Monday, March 30, 2015

Eighth Doctor Reviews: The Eight Doctors by Terrance Dicks

     Shortly after the events of the ham-and-cheese-tastic TV movie, the Eighth Doctor is finishing up The Time Machine (finally) when he discovers the Master left another trap, because the Master is nothing if not persistent. The Doctor gets hit with a terrible bout of amnesia (again) and doesn’t even know where he is. But Rassilon’s Force Ghost a vision of a floating head tells him to “trust the TARDIS”.

     He arrives back in Totter’s Lane, where he is once again caught up in a gang war. Luckily he is not shot, but after saving young Sam Jones from drug dealers and seeing the girl safely off, the police see him holding a bag of crack and, because this is Doctor Who logic, promptly arrest him and declare that he is the supplier for the local drug dealers. After a great deal of nonsense from the less than intelligent drug dealers, which mostly involve paying people to run into the police station and shout at them (oh, England), the Doctor escapes back into the TARDIS.

     He makes it to the first serial just in time to stop his first incarnation from bashing that caveman’s head in. After they mindmeld trade memories, the Doctors realize what he has to do: he has to visit every single one of his incarnations to regain his memories. Complicating this are the bureaucrats on Gallifrey, watching with concern as the Doctor flagrantly violates the law against meeting up with his other incarnations (which, to be fair, has hardly stopped him before). President Flavia (several regenerations after the Fifth Doctor absconded from his presidential duties) knows the Doctor has a good reason for this, but some of Borusa’s old crowd are still around, and they have connections to the mysterious Celestial Intervention Agency (which is not a way to make fun of the CIA in America at all).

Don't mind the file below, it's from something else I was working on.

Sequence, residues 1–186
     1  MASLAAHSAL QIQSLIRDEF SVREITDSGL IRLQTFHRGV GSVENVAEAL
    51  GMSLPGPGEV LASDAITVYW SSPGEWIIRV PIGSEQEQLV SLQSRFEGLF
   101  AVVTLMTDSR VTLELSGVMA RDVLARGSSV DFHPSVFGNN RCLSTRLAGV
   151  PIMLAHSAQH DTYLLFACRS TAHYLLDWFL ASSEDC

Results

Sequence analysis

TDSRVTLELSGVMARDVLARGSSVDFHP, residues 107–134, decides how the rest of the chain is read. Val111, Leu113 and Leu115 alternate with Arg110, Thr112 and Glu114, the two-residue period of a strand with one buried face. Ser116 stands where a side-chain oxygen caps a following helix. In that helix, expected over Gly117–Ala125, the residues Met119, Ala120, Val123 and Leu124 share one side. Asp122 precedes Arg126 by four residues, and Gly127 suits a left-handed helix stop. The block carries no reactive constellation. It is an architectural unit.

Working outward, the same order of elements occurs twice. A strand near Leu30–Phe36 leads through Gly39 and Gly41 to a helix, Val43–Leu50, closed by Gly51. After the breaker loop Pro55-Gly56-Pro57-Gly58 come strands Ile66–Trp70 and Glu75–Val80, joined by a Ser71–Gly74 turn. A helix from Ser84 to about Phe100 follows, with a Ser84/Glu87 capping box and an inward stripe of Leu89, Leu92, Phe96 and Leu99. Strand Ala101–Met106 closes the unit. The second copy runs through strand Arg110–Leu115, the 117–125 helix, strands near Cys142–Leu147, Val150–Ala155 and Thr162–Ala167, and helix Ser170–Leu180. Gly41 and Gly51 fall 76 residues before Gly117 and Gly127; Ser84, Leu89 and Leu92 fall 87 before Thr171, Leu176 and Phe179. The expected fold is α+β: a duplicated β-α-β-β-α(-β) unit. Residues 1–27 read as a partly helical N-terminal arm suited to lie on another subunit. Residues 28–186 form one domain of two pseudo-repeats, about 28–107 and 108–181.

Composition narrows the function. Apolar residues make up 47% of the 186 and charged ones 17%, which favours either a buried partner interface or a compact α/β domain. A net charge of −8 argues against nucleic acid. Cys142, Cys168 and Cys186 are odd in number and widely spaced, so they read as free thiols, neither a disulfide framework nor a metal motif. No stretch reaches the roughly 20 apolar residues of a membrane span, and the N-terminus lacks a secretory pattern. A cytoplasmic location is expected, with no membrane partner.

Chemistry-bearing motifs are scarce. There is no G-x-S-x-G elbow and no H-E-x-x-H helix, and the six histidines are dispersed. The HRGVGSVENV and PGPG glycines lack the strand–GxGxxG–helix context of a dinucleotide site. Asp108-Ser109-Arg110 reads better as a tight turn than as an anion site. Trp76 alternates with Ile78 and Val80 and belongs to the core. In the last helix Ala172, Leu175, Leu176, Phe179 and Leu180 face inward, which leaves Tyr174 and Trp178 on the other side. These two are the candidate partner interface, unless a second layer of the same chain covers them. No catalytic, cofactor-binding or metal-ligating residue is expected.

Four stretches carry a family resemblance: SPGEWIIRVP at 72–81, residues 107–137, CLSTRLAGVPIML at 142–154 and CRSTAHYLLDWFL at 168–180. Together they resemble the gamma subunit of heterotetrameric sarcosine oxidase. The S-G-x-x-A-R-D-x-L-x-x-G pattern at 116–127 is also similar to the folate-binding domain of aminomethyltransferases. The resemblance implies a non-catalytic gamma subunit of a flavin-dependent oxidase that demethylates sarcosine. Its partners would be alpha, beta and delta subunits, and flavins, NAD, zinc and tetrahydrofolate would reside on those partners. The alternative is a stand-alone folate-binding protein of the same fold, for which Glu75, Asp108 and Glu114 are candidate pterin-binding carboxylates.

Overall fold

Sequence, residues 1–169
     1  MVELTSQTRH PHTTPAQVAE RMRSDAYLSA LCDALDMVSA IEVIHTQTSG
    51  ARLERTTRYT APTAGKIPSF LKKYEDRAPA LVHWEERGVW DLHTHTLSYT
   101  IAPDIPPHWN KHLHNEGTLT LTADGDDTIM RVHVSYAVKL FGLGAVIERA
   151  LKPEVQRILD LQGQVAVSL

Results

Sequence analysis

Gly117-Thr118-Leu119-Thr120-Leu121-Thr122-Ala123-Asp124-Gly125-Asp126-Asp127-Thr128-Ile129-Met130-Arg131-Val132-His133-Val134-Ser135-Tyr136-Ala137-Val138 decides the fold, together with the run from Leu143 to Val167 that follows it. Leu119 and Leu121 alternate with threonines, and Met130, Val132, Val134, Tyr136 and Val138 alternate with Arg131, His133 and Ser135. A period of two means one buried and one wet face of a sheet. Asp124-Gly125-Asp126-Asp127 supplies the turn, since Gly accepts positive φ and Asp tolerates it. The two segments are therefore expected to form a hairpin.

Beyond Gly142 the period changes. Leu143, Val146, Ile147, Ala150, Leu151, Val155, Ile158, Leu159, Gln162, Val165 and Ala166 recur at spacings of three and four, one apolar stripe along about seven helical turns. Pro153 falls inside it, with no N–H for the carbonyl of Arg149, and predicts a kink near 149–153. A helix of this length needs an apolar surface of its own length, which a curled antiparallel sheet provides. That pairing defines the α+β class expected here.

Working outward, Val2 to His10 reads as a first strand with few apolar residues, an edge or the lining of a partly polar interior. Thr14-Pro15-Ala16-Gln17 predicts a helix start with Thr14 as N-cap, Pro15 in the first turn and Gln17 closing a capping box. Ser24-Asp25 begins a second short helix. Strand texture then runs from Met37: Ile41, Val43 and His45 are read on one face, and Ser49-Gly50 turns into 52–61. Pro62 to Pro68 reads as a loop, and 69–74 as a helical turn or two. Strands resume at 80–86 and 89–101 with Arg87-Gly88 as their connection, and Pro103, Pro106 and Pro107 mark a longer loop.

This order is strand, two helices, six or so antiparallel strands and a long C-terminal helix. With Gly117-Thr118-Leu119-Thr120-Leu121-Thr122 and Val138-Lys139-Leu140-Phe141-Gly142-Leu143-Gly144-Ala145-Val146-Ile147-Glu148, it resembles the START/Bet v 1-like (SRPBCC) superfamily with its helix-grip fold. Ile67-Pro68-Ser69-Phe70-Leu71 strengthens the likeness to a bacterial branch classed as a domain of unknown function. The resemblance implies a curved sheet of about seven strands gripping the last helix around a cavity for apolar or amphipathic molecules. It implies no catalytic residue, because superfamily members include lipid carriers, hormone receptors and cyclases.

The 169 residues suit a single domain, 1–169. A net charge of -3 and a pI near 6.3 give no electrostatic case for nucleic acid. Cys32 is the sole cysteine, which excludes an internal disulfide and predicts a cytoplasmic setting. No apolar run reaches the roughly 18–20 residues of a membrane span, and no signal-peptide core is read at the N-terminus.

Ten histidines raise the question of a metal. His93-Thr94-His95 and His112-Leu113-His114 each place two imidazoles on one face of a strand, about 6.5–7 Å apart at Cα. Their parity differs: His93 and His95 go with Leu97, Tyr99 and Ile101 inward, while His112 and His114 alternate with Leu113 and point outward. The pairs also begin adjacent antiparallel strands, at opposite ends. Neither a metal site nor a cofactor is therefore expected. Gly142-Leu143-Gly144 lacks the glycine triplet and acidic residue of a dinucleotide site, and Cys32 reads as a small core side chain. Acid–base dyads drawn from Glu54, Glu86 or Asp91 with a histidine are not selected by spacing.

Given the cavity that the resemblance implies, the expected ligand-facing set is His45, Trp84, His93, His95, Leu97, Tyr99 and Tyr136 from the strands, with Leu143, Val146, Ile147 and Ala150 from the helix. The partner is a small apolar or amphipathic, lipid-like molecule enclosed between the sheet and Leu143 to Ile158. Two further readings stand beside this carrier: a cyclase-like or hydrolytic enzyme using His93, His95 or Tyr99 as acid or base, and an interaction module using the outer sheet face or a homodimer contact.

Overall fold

If the CIA can't handle eight, no wonder they were rendered speechless when even Capaldi showed up for the anniversary special.


     Add in some extra conspiracies surrounding the Sixth Doctor’s trial, a quantity of good Gallifreyan wine, and multi-Doctor squabbling, and you have yourself a fun little adventure. I would have preferred to see more of Sam before she did an Indy-slide into the TARDIS at the end. I feel like we didn’t get much of an introduction beyond “Sam doesn’t like drug dealers” and “Sam is totally unphased by the TARDIS”. I also didn’t like Dicks assigning misogynistic attitudes to the Doctor (complaining about how companions are so different and don’t just cling to him and scream like they used to-really???) I’m torn about the cultural misogyny seen on Gallifrey, because given how messed up the Time Lords are it wouldn’t be surprise me if they hadn’t advanced culturally as much as they thought, but the Doctor seems more open-minded. The closest we got to this attitude in the TV series was the Doctor enjoying the awe-struck reactions to his “brilliance”, and that extended to basically everyone. The Doctor’s got an ego, but it’s at everyone’s expense.


     Overall, I thought this was a good way to kick off the Eighth Doctor novels. A little look back before heading into the future is always fun, and it cleared up some confusion regarding the Sixth Doctor’s trial. We also learn a little more about Gallifreyan culture and politics. Now, if only we can find out what turned Rassilon from a helpful, if cantankerous Force Ghost, to Crazy McOmnicide seen in the new series…

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